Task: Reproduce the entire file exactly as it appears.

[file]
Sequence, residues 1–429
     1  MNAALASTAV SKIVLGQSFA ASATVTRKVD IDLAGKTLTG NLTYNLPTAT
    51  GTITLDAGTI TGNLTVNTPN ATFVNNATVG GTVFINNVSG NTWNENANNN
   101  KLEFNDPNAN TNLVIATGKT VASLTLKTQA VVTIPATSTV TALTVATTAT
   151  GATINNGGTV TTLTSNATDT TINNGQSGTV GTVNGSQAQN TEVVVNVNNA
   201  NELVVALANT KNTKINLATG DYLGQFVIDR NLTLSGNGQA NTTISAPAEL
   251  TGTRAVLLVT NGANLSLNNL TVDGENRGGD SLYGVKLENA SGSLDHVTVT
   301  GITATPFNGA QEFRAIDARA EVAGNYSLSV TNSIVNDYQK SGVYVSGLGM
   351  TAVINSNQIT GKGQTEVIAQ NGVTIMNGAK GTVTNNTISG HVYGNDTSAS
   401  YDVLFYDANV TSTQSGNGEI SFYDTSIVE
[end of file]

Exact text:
Sequence, residues 1–429
     1  MNAALASTAV SKIVLGQSFA ASATVTRKVD IDLAGKTLTG NLTYNLPTAT
    51  GTITLDAGTI TGNLTVNTPN ATFVNNATVG GTVFINNVSG NTWNENANNN
   101  KLEFNDPNAN TNLVIATGKT VASLTLKTQA VVTIPATSTV TALTVATTAT
   151  GATINNGGTV TTLTSNATDT TINNGQSGTV GTVNGSQAQN TEVVVNVNNA
   201  NELVVALANT KNTKINLATG DYLGQFVIDR NLTLSGNGQA NTTISAPAEL
   251  TGTRAVLLVT NGANLSLNNL TVDGENRGGD SLYGVKLENA SGSLDHVTVT
   301  GITATPFNGA QEFRAIDARA EVAGNYSLSV TNSIVNDYQK SGVYVSGLGM
   351  TAVINSNQIT GKGQTEVIAQ NGVTIMNGAK GTVTNNTISG HVYGNDTSAS
   401  YDVLFYDANV TSTQSGNGEI SFYDTSIVE